Unlike the South, however, the North hosted a robust abolitionist movement, though prevailing racial prejuces undermined it. Some abolitionists made more of a cause of ending southern slavery than improving conditions of free blacks. Many of those who did advocate for northern blacks made a careful distinction between granting civil protections and promoting integration. The Philadelphia antislavery society voted by only a very narrow margin to admit black members, but nonetheless proclaimed that it was not their “object, or duty to encourage social intercourse between colored and white families.” Litwack also observes that “abolitionist literature contributed its share to the popular conception of the Negro, frequently referring to his meek, servile, comical, minstrel-like qualities.”

African-Americans openly participated in northern abolititionism, which was an unthinkable option in the South. “Negro abolitionism,” writes Litwack, “preceded by several years the appearance of [William Lloyd] Garrison and The Liberator.” Naturally, black abolitionist leaders felt frustrated by the fact that they were frequently marginalized by a movement that purported to help them. Others also saw a real liability in hitching the fate of emancipation to a white-dominated movement. In his final analysis, Litwack takes an optimistic view of the divisions within abolitionism. While acknowledging the “factionalism, extreme partisanship, narrow class attitudes, prejudice, and even hypocrisy” of the movement, he argues that it “shared these weaknesses with nearly every organized social movement and political party in antebellum America.” “The fact that abolitionists did not allow these weaknesses to interfere materially with their struggle for civil rights is at least a tribute to their sincerity.”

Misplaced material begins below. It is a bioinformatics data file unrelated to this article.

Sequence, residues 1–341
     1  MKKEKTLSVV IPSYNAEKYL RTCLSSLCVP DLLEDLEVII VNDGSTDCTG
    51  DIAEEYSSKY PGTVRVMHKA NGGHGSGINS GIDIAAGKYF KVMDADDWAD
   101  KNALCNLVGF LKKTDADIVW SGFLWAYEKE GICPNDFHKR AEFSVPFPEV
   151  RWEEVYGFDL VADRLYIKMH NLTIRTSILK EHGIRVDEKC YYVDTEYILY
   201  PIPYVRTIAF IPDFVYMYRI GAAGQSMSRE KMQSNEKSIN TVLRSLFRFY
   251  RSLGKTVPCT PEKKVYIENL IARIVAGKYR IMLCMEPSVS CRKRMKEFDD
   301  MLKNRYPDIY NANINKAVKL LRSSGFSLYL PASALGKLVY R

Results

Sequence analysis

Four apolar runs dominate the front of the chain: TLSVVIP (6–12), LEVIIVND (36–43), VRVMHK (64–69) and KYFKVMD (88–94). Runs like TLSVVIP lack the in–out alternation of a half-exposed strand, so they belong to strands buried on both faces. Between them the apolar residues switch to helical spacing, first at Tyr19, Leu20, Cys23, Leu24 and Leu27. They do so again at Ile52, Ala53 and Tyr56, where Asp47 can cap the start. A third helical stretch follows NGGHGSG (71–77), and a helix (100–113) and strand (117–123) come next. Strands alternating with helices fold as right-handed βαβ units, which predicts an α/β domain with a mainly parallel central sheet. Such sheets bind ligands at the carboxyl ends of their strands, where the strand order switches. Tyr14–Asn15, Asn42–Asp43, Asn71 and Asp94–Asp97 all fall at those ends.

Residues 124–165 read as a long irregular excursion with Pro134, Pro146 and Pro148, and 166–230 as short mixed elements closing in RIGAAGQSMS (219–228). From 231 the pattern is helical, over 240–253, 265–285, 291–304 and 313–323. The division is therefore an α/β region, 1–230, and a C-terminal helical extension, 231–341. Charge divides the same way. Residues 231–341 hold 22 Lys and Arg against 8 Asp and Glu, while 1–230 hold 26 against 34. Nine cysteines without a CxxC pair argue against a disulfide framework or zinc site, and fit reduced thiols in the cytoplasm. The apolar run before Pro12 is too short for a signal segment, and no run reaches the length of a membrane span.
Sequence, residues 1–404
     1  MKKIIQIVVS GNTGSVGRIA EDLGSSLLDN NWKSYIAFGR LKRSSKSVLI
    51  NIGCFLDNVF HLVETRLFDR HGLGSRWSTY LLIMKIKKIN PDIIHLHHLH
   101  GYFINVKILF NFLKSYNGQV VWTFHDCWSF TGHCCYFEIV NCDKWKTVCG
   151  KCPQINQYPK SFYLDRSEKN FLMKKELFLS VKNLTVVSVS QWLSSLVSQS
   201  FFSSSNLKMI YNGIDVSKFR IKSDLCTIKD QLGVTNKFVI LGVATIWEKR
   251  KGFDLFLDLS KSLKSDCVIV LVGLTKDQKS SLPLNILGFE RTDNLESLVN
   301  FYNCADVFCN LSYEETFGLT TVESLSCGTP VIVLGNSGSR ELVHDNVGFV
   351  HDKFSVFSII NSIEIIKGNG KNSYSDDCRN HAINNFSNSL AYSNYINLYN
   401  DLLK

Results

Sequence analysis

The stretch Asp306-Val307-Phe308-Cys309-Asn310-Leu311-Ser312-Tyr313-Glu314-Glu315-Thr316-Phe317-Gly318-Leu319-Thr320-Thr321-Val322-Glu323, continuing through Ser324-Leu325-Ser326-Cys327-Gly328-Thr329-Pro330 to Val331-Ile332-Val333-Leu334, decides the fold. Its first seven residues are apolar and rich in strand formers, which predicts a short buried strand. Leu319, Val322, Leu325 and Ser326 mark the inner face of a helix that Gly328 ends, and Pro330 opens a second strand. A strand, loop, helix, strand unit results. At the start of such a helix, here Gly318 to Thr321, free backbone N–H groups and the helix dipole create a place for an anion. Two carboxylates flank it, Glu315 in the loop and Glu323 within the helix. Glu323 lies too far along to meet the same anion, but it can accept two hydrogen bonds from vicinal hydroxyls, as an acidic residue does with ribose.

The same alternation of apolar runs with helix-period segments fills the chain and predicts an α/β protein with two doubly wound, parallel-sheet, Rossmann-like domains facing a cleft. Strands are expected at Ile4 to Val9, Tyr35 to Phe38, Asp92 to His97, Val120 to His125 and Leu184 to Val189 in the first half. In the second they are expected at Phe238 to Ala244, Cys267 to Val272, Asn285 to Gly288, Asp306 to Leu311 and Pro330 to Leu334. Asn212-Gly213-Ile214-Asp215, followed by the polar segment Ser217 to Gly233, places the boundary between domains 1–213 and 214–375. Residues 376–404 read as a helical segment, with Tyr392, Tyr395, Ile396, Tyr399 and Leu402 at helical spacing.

Litwack clearly broke new ground with this study, and his thesis is well supported. Though it may be unfair to ask that he achieve something different from his original aim, his work still leaves a reader to wonder about the origins and evolution of this system. A few other questions are also worth asking: what were the impacts of Dred Scott and Plessy vs. Ferguson? Both cases, though significant in their shaping of American race relations, receive little attention from Litwack here. Most importantly, what was the relationship between northern systems of exclusion and southern slavery? Aside from weakening abolitionism, did they influence one another?

In short, it appears that North of Slavery is an effective piece of historiography in that it provokes questions about its chosen topic and inspires further research.